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Latitude: 55.7387 / 55°44'19"N
Longitude: -3.9221 / 3°55'19"W
OS Eastings: 279416
OS Northings: 651147
OS Grid: NS794511
Mapcode National: GBR 1212.NP
Mapcode Global: WH4R4.Q1J0
Entry Name: Wishaw, Garrion Bridge, 1 and 2 Millfield Cottage
Listing Date: 30 March 2001
Source: Historic Scotland
Source ID: 395407
Historic Scotland Designation Reference: LB47988
Building Class: Cultural
County: North Lanarkshire
Electoral Ward: Wishaw
Traditional County: Lanarkshire
Dated 1890. Single storey and garret, symmetrical, Greek cross-plan, combination cottages and garage. Square-plan tower with spire to NW corner. Squared and snecked, tooled yellow sandstone. Exposed rafters, overhanging eaves.
E (STREET) ELEVATION: advanced gabled bay to centre, engaged wallhead chimney stack to centre, flanking windows, small window to left of apex. Bay to right, advanced lean-to porch to right with door to right return, window to right with finialed gable breaking eaves. Single narrow bay to left, door with modern glass porch.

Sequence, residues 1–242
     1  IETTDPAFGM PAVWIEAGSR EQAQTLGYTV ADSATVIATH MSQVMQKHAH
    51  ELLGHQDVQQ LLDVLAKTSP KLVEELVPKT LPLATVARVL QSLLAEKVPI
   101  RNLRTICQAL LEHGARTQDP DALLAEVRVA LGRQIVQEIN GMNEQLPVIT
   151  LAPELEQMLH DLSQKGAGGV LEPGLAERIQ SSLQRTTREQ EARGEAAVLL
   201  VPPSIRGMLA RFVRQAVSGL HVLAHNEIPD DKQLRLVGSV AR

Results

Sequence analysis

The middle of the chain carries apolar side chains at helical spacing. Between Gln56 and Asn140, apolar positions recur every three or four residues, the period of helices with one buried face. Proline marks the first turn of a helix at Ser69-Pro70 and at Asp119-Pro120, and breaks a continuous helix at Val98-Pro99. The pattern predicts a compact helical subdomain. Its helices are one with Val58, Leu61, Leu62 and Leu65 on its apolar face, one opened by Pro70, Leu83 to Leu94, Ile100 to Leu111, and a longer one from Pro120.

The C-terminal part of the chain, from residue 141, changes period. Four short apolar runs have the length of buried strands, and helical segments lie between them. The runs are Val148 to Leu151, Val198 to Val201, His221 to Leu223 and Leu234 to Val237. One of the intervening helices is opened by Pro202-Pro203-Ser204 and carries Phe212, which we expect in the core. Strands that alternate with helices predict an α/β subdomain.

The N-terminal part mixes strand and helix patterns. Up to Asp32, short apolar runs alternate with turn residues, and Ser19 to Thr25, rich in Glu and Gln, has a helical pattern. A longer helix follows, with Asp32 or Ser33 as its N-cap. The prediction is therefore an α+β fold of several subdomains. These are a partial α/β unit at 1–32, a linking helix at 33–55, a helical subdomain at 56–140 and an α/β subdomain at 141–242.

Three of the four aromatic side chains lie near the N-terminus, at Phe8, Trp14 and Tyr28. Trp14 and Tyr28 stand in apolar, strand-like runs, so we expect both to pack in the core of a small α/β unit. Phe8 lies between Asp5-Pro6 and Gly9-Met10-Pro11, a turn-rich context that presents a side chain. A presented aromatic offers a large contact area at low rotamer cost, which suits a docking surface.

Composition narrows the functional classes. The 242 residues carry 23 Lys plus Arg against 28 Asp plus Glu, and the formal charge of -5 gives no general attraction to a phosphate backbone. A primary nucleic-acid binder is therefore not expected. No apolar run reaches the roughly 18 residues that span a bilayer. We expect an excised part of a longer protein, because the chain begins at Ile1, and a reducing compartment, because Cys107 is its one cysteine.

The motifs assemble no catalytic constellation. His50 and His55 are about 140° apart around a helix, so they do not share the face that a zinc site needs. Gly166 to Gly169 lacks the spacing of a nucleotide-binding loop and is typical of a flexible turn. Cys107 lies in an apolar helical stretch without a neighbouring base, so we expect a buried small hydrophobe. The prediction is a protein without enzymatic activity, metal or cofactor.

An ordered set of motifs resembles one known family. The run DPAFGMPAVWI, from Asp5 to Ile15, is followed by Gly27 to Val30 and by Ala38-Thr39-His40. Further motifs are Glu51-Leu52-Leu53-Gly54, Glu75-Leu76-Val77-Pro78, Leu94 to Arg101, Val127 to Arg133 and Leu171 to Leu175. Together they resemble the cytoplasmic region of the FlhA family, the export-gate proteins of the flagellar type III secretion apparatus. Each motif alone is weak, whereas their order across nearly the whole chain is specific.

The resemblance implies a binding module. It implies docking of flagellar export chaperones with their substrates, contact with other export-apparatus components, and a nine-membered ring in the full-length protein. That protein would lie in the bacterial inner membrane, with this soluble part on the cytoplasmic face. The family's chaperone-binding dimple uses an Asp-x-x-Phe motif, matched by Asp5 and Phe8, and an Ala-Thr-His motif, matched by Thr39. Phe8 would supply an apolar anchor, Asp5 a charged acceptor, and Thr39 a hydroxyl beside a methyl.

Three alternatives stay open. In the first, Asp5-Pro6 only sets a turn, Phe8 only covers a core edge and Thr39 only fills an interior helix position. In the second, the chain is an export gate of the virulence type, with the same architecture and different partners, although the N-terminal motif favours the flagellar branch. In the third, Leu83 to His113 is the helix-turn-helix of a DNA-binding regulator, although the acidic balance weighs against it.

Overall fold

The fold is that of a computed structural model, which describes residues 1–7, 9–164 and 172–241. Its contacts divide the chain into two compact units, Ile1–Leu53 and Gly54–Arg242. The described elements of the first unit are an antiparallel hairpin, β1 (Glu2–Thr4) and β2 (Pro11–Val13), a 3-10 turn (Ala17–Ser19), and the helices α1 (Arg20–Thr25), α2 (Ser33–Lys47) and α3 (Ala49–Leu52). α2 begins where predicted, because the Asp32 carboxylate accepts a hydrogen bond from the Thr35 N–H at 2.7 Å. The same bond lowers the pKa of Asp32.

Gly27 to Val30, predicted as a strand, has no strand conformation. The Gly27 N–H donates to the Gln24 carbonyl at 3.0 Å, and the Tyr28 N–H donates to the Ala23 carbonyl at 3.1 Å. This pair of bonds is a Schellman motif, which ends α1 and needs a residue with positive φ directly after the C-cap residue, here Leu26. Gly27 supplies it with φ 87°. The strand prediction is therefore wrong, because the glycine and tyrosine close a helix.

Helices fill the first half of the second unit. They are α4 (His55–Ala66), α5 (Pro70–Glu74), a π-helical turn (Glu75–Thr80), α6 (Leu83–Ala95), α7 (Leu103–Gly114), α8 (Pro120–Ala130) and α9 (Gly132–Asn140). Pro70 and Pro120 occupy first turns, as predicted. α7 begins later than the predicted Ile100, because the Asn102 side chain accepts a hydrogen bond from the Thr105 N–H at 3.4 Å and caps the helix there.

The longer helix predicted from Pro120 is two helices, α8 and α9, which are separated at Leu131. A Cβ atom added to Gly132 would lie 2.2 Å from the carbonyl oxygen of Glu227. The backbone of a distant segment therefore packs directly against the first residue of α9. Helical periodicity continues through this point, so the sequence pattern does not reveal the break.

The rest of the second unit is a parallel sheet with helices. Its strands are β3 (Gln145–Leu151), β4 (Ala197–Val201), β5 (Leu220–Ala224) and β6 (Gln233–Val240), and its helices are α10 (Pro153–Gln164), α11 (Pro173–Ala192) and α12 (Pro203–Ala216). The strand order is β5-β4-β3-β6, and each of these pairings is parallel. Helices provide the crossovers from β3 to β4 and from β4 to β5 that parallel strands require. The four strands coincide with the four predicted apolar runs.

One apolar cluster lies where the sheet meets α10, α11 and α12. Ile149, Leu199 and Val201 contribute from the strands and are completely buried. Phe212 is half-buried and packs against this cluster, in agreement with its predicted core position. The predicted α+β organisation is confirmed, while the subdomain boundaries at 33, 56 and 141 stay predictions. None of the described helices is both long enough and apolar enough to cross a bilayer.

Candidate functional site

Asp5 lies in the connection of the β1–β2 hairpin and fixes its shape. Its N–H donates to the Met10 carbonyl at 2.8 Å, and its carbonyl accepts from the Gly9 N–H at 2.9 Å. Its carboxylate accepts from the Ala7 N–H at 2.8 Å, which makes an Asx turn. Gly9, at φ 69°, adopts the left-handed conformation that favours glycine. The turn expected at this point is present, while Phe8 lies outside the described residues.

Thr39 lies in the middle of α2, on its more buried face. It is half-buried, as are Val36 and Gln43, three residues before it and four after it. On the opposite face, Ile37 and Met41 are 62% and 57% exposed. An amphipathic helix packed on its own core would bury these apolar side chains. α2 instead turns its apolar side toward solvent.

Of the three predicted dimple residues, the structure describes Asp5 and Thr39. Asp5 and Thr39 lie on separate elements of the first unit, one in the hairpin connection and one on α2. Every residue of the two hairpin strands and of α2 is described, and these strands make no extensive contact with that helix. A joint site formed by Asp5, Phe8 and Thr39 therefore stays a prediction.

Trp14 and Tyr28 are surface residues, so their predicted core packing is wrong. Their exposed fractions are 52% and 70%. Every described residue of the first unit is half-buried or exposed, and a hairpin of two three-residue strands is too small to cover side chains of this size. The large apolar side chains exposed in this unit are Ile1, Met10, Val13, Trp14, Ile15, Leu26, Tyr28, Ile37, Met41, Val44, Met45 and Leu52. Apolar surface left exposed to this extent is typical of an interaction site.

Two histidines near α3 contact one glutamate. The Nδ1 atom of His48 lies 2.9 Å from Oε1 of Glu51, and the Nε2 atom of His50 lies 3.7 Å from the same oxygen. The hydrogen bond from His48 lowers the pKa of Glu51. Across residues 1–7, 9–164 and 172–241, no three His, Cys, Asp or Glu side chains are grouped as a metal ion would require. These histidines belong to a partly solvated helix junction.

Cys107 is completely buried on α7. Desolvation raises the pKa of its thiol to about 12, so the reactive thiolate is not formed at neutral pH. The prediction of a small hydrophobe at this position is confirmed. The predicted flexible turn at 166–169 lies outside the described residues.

W (REAR) ELEVATION: advanced gabled bay to centre, 2 windows outside of ground, paired small windows to apex; blind bay to left, door to narrow bay to right.
N (MILLFIELD HOUSE) ELEVATION: gabled bay; segmental-arched garage door to left, door to right, window to apex; low square-plan tower to outer right; canted at ground with small square window to centre, corbelled out to eaves course, 1890 datestone to centre, corbelled timber cornice, spire.
S (SIDE) ELEVATION: gabled bay; paired narrow windows to outer edges at ground; round-arched window with projecting cill at apex.
Plate glass timber sash and case windows to front and N side, modern double glazing to S and rear. Grey slates, lead flashing.
INTERIOR: not seen 2000.
Interesting combination estate building with a garage housed in the north wing facing Millfied House (see separate listing) and enclosed within the garden walls of Millfied. Whilst to the south the building is divided into a gardener's cottage at the rear and chauffeur's cottage at the front, each has their own direct street entrance. These cottages along with the mill owner's Millfied House, the mill manager's house at Garrionhurst (see separate listing) and two terraces of mill worker's cottages formed the hamlet of Garrion overlooking the site of where Garrion mill once stood. A mill operated on this site since the medieval period when it was run by the monks of Kelso in relation to the Bishop of Glasgow's summer residence at Garrion Tower (see separate listing). By the late nineteenth the mill operation was run by John Lee Brown and it was he who built the hamlet as exists. The mill was run by Lee from 1880 to 1918 when it was sold to a Mr. MacGregor and was in use until the 1960s.
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